A Bringer of New Things

Musings on personal growth, books, motherhood, writing, and more.

Great Poems: “A Noiseless Patient Spider” by Walt Whitman

By Phyzome is Tim McCormack (Own work) [GFDL (http://www.gnu.org/copyleft/fdl.html) or CC-BY-SA-3.0 (http://creativecommons.org/licenses/by-sa/3.0/)], via Wikimedia Commons

By Phyzome is Tim McCormack (Own work) [GFDL (http://www.gnu.org/copyleft/fdl.html) or CC-BY-SA-3.0 (http://creativecommons.org/licenses/by-sa/3.0/)%5D, via Wikimedia Commons


This relatively short poem (below) is one of my absolute favorites, not just for its beauty and cleverness but also for its meaning. As I’ve mentioned before, I have often clung to this poem as a liferaft in times of feeling lost.

It does what all the most powerful poems do, at least in my view: it vividly describes and validates a particular aspect of human experience, so that readers who also know that experience will say, “Yes—that is exactly how I feel. And now I know I’m not alone in feeling like this and that it’s okay to feel like this.” Contrary to what I used to think as a teenager obsessed with devotional poetry, I know now that the most life-supporting poems don’t usually offer guidance, advice, a silver lining, or any sort of “moral” or instruction at all. They simply act as a magnified mirror to reflect our own souls back to us.

And that’s what this poem does. You might notice there’s no predicate verb in the second stanza. This reinforces the fact that the poem isn’t telling the reader to do something; it’s just recognizing the feelings and letting them be.

So in times when I’ve felt lost, alone, defeated, and small as I faced a cavernous expanse of options and directions—what career path to pursue, what to believe about the big questions of life, what kind of friends to seek and where, what kind of writing to focus on (this last still being a frequent conundrum)—this poem has been a comfort. Bolstered by its companionship, I remember that I don’t have to know all the answers now, and I go on casting my ropes out into the unknown, hoping one will catch somewhere someday.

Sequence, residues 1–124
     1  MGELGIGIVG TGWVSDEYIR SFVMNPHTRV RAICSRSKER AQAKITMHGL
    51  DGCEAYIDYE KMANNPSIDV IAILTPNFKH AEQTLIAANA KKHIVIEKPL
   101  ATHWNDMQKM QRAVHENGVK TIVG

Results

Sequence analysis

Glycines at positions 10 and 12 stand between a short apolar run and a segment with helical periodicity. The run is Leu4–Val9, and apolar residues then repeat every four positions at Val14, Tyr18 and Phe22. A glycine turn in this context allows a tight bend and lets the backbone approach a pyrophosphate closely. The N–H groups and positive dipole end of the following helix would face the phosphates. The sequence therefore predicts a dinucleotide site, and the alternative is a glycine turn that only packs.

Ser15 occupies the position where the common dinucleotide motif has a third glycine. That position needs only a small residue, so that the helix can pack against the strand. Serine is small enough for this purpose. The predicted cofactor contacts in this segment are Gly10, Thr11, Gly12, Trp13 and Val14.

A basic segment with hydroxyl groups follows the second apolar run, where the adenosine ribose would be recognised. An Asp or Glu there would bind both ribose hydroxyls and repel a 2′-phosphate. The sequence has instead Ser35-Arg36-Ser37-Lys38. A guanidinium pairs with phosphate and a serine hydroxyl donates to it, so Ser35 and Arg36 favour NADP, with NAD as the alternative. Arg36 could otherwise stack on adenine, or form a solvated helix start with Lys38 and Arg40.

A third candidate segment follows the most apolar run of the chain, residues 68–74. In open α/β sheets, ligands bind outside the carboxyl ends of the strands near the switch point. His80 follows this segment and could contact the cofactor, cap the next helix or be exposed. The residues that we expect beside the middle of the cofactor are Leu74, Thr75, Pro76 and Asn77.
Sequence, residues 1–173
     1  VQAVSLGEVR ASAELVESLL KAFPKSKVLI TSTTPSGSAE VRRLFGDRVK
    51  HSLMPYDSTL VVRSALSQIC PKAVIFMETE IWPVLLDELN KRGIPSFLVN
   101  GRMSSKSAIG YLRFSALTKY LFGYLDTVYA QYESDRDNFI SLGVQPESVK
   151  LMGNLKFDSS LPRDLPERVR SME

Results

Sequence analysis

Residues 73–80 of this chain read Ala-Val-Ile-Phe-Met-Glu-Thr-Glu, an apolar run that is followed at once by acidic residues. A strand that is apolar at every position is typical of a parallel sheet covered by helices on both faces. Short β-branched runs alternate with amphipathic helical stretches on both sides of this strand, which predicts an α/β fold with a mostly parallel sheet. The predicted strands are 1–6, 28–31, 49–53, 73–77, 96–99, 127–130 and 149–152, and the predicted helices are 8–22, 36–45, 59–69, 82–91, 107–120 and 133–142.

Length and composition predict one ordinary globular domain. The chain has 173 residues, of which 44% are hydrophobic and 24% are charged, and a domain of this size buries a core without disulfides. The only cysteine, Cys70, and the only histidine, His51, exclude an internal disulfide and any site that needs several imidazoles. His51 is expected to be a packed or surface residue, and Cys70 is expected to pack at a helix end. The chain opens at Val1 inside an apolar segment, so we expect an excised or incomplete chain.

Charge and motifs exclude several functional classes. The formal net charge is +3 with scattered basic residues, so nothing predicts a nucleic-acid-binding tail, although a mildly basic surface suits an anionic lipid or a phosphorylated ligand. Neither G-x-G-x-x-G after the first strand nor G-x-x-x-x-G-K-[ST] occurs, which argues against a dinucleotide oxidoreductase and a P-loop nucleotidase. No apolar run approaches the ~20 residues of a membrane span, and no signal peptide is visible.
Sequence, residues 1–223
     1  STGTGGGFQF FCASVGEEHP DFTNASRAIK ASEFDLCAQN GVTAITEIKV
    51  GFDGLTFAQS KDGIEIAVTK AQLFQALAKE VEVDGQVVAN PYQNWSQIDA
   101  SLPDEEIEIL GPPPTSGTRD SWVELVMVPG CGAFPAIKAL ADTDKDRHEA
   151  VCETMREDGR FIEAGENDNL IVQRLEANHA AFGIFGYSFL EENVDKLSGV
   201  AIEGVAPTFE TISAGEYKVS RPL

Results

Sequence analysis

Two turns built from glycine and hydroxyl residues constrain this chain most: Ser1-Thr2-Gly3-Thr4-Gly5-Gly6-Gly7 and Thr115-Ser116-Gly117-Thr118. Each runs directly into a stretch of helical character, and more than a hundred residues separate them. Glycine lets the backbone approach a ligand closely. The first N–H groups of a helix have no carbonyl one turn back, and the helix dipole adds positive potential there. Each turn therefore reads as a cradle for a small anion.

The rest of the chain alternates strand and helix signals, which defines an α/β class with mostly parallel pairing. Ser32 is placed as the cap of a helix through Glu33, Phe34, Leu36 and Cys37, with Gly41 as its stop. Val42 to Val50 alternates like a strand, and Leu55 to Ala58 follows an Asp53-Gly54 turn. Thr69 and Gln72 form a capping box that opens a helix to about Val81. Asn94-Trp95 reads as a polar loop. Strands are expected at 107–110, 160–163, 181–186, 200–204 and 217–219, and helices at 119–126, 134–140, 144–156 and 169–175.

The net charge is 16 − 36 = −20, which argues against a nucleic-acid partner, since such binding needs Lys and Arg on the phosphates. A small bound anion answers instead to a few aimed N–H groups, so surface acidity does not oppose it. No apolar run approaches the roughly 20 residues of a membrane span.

I don’t think you’ll need any more interpretation help, but here are a couple word definitions that might be helpful just in case:
promontory: a mass of land higher than its surroundings (here, probably an extra-tall blade of grass or something)
filament: a thin thread (here, the spider’s silk)
gossamer: very light and delicate
ductile: modable, malleable, able to be shaped
Also, by “mark’d” he means “marked” as in remarked, noticed, observed.


A Noiseless Patient Spider
by Walt Whitman

A noiseless patient spider,
I mark’d where on a little promontory it stood isolated,
Mark’d how to explore the vacant vast surrounding,
It launch’d forth filament, filament, filament, out of itself,
Ever unreeling them, ever tirelessly speeding them.

And you O my soul where you stand,
Surrounded, detached, in measureless oceans of space,
Ceaselessly musing, venturing, throwing, seeking the spheres to connect them,
Till the bridge you will need be form’d, till the ductile anchor hold,
Till the gossamer thread you fling catch somewhere, O my soul.



One comment on “Great Poems: “A Noiseless Patient Spider” by Walt Whitman

  1. emilievardaman
    March 24, 2015

    Kind of off topic, but this reminds me of a video I saw recently about a silk-like material made of spider threads! It is a certain spider, and something like eight threads are twisted together to make one weavable strand. It is a stunningly rich golden color. Here’s the video. https://www.youtube.com/watch?v=LFF68_bME9E


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